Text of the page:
Right-wing media outlets are suggesting that a recent decision by Obama-appointed Judge Sue Myerscough dismissing a case that sought to overturn Illinois' ban on publicly carrying firearms is evidence of President Obama's "assault on the Second Amendment." But the Supreme Court has not ruled on the constitutionality of such bans, and Myerscough's ruling is consistent with those of several other judges, including one appointed by President George W. Bush.
Conservatives Call Judge's Decision Evidence Of "All-Out Attack On The Second Amendment"...
Hawkins At Daily Caller: Those Who Wonder What Obama's "Assault On The Second Amendment Might Look Like" Should Look At Judge's "Unbelievable Decision." From a February 13 Daily Caller op-ed by conservative blogger AWR Hawkins:
When Wayne LaPierre, executive vice president of the National Rifle Association (NRA), spoke at CPAC on February 10th, he predicted that if Barack Obama wins a second term it will usher in an all-out attack on the Second Amendment. In so many words, he said the same people who brought us Fast and Furious, "a criminal enterprise" for which there has yet to be prosecutions, will use four more years to gut constitutional protections on the right to keep and bear arms. And anyone who wonders what this assault on the Second Amendment might look like need look no further than Illinois, where a judge that President Obama appointed has just ruled that we have the right to keep arms, but not to bear them.
That's not a typo. Rather, it's an unbelievable decision recently delivered by U.S. Judge Sue Myerscough, in a challenge which the Second Amendment Foundation filed against Illinois's ongoing prohibition against carrying concealed weapons in that state. Said Myerscough, in rendering her decision: "[Although the] plaintiffs argue that the Second Amendment protects a general right to carry guns that include a right to carry operable guns in public ... [the] Supreme Court has not recognized a right to bear firearms outside the home."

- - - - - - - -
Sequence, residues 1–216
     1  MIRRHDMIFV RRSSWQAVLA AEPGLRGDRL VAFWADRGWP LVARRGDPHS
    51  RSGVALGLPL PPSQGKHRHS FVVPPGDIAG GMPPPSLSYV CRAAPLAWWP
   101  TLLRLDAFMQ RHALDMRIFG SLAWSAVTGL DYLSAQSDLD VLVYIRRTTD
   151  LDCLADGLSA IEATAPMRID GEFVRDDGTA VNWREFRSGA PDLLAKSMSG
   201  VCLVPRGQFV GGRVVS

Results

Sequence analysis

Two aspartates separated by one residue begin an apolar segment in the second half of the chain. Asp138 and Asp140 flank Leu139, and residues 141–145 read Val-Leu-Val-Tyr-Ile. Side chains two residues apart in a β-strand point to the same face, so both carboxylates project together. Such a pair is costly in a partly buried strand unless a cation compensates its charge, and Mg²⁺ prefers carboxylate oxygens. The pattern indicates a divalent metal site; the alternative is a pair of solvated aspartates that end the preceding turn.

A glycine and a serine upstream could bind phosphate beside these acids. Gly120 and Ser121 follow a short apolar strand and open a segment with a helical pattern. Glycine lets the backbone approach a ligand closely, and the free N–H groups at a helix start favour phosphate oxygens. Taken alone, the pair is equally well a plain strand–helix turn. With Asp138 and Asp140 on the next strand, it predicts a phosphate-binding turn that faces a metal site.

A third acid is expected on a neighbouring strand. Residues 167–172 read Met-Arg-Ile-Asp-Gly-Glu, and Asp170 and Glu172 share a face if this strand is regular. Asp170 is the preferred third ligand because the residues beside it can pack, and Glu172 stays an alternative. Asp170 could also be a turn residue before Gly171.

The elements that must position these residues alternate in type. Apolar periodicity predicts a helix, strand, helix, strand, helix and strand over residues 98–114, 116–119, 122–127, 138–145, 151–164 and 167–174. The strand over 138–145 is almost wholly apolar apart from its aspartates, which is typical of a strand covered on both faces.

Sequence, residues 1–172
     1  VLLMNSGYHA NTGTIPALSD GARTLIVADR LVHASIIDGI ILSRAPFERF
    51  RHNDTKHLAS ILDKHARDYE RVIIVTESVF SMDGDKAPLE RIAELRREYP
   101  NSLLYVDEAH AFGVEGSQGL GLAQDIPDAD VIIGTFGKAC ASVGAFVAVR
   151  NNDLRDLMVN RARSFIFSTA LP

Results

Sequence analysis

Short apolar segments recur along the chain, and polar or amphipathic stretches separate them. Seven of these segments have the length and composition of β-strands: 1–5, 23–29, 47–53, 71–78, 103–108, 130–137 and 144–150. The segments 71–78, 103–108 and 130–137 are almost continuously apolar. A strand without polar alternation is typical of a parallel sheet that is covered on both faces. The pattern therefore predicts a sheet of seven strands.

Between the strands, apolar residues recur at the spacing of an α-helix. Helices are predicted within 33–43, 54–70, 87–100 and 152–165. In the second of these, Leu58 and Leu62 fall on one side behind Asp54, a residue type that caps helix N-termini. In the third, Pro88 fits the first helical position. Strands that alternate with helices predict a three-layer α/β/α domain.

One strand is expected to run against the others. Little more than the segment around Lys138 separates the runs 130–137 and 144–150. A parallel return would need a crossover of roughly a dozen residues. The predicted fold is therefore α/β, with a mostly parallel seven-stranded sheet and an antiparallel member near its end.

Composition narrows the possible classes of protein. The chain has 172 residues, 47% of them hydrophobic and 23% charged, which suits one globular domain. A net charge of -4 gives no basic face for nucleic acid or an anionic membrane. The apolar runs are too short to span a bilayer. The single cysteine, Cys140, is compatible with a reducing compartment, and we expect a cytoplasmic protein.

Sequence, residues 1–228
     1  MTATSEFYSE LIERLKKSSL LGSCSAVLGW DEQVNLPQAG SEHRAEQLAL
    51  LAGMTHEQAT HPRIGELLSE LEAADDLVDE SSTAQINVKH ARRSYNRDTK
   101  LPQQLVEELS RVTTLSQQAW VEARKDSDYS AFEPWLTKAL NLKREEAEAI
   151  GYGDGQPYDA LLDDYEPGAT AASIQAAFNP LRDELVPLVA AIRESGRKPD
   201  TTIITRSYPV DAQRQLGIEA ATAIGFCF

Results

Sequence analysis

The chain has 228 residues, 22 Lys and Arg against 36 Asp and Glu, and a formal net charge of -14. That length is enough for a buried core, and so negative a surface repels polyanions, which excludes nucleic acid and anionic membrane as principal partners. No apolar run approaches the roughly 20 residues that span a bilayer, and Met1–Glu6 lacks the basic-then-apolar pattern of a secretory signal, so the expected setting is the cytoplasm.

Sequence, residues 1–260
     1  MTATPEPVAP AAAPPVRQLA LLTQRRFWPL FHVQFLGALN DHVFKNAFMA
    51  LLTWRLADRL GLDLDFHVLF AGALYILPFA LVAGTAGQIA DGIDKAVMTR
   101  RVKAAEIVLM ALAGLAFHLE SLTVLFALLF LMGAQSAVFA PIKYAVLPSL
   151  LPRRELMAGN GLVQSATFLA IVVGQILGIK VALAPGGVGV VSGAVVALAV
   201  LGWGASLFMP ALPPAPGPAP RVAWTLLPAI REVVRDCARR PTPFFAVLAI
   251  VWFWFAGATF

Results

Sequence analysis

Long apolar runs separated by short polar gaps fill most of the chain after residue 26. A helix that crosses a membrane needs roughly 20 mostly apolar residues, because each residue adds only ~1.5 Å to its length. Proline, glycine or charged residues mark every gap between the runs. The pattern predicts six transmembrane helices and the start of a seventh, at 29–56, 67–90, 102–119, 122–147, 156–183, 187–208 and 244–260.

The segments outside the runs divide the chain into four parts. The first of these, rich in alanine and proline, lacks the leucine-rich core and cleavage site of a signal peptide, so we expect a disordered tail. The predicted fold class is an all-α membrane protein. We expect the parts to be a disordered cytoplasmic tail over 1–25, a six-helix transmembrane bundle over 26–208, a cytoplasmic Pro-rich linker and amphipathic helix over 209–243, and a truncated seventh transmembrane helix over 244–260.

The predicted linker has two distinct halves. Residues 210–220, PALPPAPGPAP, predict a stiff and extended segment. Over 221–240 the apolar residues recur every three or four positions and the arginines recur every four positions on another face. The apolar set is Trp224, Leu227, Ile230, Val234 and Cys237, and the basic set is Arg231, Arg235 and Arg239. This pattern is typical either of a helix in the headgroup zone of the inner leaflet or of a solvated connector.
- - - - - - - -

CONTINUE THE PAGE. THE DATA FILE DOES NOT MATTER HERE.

If Obama manages to get re-elected, be ready to see more of these Myerscough-like decisions come down the pike. Decisions where judges give lip service to the Second Amendment on the one hand, while stealthily undercutting it on the other. In doing this, Obama judicial appointees will only be following their master's lead. [Daily Caller, 2/13/12]
Weasel Zippers: "Obama Judicial Appointee Says Americans Have The Right To Keep Arm, But Not To Bear Them." In a post headlined "Obama Judicial Appointee Says Americans Have The Right To Keep Arm, But Not To Bear Them," Weasel Zippers excerpted Hawkins' piece and commented: "It's not like the Second Amendment explicitly states it's the 'right of the people to keep and bear arms' . . . no, wait?" [Weasel Zippers, 2/13/12]
... And Claimed An "Near Inexplicable Gulf" Between Judge's Decision And Supreme Court
Hawkins Suggested Judge Myerscough's Decision Is At Odds With Supreme Court Precedent. From Hawkins' piece:
Moreover, in 2010, after the Supreme Court heard arguments for and against Chicago's handgun ban in McDonald v. Chicago -- a case which grew out of Chicago citizen Otis McDonald's desire to be able to defend his life and property -- the court ruled against the handgun ban, citing the fact that "self-defense is a basic right." The court also pointed out that "self defense is 'the central component' of the Second Amendment right." (Italics in original)
Clearly, there is a chasm of understanding between the Founding Fathers and U.S. Judge Myerscough, for the Founding Fathers recognized that God endowed us with the right not only to keep arms but also to bear them. Likewise, there is a near-inexplicable gulf between the Supreme Court's McDonald decision and the one Myerscough just handed down. For the Supreme Court understands that the inalienable right to self-defense -- "a basic right" -- is foundational to the Second Amendment while Myerscough believes arms are to be kept not borne (a decision which necessarily limits our ability to defend ourselves). [Daily Caller, 2/13/12]